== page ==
Speaking of national parks, I recently visited Sequoia National Park. I was shocked at the number of dead trees, although thankfully all the named Sequoias, and most other mature Sequoias, were OK. At first I wondered why I was seeing fall color in the spring. Then I realized what I was looking at were great swaths of dead conifers. Park rangers told us it was due to drought and a bark beetle infestation. Hopefully the tannins produced by Sequoias will protect them. They also explained how all the pollution from San Francisco gets blown into the park, where it eddies and damages the trees. I’ve always thought San Francisco has remarkably clean air for a big city. But in reality, those strong, ubiquitous ocean breezes just blows all that city smoke inland where it pollutes pristine areas.

  3. Oh for heaven’s sake, are people really blaming Trump and Republicans because young adult are in the news, yet again, for acting thoughtless and entitled? Are they behind Vanessa Hudgins’ defacing a rock in AZ? What about all the Black Lives Matter looting? If so…then cool twist!

    What a dastardly plot! Is this like the Illuminati?

  4. Really sad to see these sorts attacks on public property and nature itself. That said, glad there were cameras on site.

    Agua – believe he/she/it was yanking your chain about the immediate response. This occurred in Death Valley National Park – doubt anyone is silly enough to expect a 5 minute response that far out. Or could believe every government national park security system should be a “cadillac” version. If they were, the outcry of wasted $’s and bloated government would be never ending.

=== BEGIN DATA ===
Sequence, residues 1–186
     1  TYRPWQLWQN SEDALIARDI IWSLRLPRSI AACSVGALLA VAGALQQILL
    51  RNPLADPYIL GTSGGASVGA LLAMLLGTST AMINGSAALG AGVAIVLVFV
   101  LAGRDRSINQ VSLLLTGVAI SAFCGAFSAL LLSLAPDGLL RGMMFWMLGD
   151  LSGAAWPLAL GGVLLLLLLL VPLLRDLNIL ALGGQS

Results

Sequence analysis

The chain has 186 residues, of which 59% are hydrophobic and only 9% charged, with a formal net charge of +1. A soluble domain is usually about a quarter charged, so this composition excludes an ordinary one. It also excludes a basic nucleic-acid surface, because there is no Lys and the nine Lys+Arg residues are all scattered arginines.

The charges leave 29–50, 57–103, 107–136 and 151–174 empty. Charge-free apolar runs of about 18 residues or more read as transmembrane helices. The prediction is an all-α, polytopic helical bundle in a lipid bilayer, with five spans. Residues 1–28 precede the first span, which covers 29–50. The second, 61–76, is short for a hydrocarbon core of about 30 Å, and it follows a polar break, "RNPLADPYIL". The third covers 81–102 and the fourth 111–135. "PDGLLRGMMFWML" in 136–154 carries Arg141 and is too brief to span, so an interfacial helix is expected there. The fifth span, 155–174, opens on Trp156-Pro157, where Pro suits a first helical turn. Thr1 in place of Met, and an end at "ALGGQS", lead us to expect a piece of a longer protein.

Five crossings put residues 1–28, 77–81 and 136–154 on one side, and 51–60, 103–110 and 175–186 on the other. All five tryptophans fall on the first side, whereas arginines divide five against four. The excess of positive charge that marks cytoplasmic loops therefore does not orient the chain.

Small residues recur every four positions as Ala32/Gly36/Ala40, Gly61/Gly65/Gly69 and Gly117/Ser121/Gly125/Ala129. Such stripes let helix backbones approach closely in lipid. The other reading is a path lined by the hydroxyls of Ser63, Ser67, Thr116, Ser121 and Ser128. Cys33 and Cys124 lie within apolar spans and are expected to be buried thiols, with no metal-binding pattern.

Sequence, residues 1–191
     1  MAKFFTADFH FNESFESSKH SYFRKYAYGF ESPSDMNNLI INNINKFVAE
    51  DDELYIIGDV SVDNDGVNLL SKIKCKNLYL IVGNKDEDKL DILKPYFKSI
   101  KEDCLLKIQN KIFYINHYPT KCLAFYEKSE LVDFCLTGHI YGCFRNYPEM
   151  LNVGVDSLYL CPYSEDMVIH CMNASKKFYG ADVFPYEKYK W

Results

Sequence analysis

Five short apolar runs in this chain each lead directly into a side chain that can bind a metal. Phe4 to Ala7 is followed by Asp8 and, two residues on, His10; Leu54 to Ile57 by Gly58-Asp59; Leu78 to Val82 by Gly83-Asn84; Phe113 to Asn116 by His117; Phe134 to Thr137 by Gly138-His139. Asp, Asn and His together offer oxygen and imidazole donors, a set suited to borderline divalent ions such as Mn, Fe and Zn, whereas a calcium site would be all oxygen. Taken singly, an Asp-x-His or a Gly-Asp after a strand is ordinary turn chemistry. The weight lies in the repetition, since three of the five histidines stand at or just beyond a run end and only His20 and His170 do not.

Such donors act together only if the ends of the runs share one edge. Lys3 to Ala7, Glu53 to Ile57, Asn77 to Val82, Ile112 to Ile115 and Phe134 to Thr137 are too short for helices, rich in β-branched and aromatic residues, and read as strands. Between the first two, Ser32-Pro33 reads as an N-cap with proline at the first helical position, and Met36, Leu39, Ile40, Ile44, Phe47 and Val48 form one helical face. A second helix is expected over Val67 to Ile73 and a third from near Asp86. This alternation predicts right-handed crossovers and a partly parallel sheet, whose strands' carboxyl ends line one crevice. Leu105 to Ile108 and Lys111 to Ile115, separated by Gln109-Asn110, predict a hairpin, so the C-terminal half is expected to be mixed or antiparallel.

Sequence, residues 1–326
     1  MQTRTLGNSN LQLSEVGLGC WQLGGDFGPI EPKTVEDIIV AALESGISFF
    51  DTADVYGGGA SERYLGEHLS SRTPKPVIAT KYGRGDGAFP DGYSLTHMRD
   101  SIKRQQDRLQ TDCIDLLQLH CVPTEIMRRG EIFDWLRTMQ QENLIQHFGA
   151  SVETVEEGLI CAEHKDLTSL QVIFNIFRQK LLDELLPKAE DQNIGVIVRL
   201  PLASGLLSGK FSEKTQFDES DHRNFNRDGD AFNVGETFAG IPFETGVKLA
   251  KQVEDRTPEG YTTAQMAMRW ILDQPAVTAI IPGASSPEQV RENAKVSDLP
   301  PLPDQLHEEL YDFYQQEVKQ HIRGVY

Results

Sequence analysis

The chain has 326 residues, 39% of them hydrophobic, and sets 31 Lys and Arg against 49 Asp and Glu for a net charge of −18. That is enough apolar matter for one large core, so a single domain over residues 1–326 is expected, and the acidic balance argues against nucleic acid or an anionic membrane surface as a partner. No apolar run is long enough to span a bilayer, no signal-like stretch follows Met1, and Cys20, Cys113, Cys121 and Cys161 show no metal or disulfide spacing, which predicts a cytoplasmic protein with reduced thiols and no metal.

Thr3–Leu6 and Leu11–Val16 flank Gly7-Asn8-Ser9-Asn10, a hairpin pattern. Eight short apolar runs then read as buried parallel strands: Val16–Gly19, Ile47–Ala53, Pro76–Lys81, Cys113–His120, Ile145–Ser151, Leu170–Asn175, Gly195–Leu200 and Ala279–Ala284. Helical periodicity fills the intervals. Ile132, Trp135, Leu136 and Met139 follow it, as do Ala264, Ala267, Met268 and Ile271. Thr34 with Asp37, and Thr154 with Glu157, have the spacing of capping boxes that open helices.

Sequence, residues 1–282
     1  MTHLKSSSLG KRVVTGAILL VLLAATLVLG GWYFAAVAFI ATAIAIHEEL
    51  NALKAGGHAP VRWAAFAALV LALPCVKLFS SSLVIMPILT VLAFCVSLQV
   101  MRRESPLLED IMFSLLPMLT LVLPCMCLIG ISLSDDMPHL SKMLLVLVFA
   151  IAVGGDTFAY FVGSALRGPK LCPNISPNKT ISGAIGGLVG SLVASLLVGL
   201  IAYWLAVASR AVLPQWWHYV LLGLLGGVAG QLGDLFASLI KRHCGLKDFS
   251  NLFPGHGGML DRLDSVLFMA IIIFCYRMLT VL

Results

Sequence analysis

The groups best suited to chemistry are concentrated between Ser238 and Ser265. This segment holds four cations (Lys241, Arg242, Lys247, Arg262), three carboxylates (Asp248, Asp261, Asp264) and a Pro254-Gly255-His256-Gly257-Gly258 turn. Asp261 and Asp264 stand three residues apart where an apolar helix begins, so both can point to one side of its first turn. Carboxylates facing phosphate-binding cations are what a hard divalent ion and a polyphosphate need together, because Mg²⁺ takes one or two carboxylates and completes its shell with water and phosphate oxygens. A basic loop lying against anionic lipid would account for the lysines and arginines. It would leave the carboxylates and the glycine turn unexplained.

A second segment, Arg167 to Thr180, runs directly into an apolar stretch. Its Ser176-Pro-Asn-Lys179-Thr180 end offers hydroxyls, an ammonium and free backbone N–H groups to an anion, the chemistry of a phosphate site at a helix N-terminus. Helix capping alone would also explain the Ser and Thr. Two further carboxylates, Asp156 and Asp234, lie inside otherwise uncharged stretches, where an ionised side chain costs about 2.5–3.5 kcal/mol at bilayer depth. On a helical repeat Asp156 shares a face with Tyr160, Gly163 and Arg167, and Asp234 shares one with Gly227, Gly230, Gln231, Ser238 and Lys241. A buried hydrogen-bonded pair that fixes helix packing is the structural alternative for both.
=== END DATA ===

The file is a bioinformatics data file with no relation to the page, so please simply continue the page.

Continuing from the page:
5. Karen,

    The pupfish, as an extremophile, is worth studying if only to understand its ability to thrive in harsh conditions. At a time when all sorts of valuable discoveries are being made from biological studies, the pupfish offers particular hope. Perhaps it can offer clues into survival on another planet.

  6. Why should drunken schlubs respect property or the law when those at the highest levels of government flout the law in the same way?

    cough***Hillary’s classified emails***cough

  7. Agua – I agree, and said something similar above, “Rather, it’s unique in its adaptation to a very particular niche. Kind of like Darwin’s finches hyper specialized to take advantage of micro territories.” 114 members also offers the opportunity to observe genetic bottleneck. It’s difficult for a population to be viable at such low numbers – there’s not enough genetic diversity to adapt if anything changes. Interestingly, a bottleneck at some point in the cheetah’s history has rendered all modern cheetahs as genetically similar as brother and sister.

    KC: There is a movement to decriminalize. The theft of anything under approximately $1000 (including guns) is now a simple misdemeanor. By removing a deterrent, there has been a 25% increase in theft. Also CA state law prohibits employees from chasing a thief once they leave the store. So there’s a get away free line. And if they do get caught, it’s just a slap on the wrist. Of course the punishment needs to fit the crime. But removing punishment and deterrent will have the obvious result of increasing lawlessness.

    As I’ve stated previously, we are so lucky to live here. I hope we don’t screw it up.

  8. Lars Vegan– It has been a federal crime for an ex felon to possess a firearm since the late 1930s. IIRC, the 1968 Gun Control Act made it a mandatory minimum of five years.